Despite being one of the most confusing and maligned cities in the UK, Milton Keynes is managing to outpace London in terms of economic growth, according to the Centre for Economics and Business Research (CEBR).
With good transport links, a booming property market, and massive employers like Argos and Red Bull based there, on paper this makes sense. But, let’s be honest, on face value, this is surprising -nay, miraculous. Milton Keynes?
Cambridge’s growth makes sense. A city generally agreed to be lovely, full of clever students, nice architecture and all the rest, seems like the sort of place that should be booming. Images of punting, poets and push-bikes. Idyllic. But why do we feel that Milton Keynes is the one that’s so out of place here? Well, frankly, ‘MK’ has a brand problem.
‘Place branding’ has become something of a fashion in the last 10 years – the attempt the change the economic fortunes of a country or city by making it a unique and desirable place to live or visit. Its success has been mixed, with apparently 86 per cent of place branding projects failing within one year. Then again, look at New York. People love that brand so much they’ve even bought the T-shirt.
So will MK ever be NY? Well, put simply, no. Because it’s just nowhere near as good. And that’s why so many place branding projects fail – you can slap a fancy logo on anything, but unless it’s authentic to the actual product or experience no-one is going to buy it.
A quick visit to destinationmiltonkeynes.co.uk gives you an immediate sense of what’s so horribly wrong with their brand. Just look at the hero image they’ve used to sell it to you. I mean, I love a roundabout as much as the next woman, but seriously MK. Take a hard look at yourself.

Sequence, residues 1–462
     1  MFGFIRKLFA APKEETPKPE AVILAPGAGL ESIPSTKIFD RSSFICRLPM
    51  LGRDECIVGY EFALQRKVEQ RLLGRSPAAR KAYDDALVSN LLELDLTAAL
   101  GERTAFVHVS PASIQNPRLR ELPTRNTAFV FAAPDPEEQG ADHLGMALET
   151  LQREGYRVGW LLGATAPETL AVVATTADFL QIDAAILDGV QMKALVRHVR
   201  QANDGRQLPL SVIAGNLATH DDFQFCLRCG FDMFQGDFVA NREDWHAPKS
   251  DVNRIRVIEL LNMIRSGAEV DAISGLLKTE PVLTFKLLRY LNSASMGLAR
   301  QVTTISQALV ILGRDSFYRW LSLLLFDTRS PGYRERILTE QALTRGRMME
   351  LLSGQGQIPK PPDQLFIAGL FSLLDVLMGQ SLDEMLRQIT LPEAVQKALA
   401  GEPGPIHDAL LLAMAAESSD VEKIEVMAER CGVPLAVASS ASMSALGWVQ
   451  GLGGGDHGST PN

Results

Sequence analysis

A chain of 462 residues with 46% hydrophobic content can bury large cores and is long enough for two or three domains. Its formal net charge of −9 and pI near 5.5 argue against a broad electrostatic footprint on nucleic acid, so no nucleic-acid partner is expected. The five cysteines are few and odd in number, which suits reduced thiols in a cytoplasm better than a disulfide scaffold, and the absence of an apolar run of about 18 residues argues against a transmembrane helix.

What the site, and any other comms I’ve seen, fail to do is find any compelling insight or reason to encourage people to consider the city as a place to work or live.
If we look at the London model of gentrification and development, the first step on the path often seems to be when creative minds realise there’s somewhere cheap and interesting for them to live and work.
This was Notting Hill in the '80s and '90s, Hackney in the '00s and now Peckham in the 2010s. The rest – coffee shops, house price rises, Waitrose on the high street – follows suit.
Even Margate, the once run-down seaside town is now following the same trajectory. It might be criticised (yes, yes, damn the hipsters) but it is a model that works.
Come on Milton Keynes, you can do this. Remember the Skoda ads in the 90s? Embrace your concrete cows, your straight roads that are perfect for cycling – and be sure to drop in mention of those massive cheap houses.
There’s modern architecture there and it’s not all bad – in fact, the MK Gallery would give half the pop-ups in Shoreditch a run for their money. Milton Keynes could embrace all this and do something really subversive and exciting.
Great branding projects take strong insight, beautiful design execution and a solid dose of bravery. Look beyond the obvious to see what you have that no-one else can offer, understand why people should want you and, most importantly, how you can make them feel.
And try as hard as you can not to show them a photo of a roundabout. Just imagine what Milton Keynes could achieve if it were as loved emotionally as it is on paper.
I’d be the first to buy my ‘I heart MK T-shirt’, that’s for sure.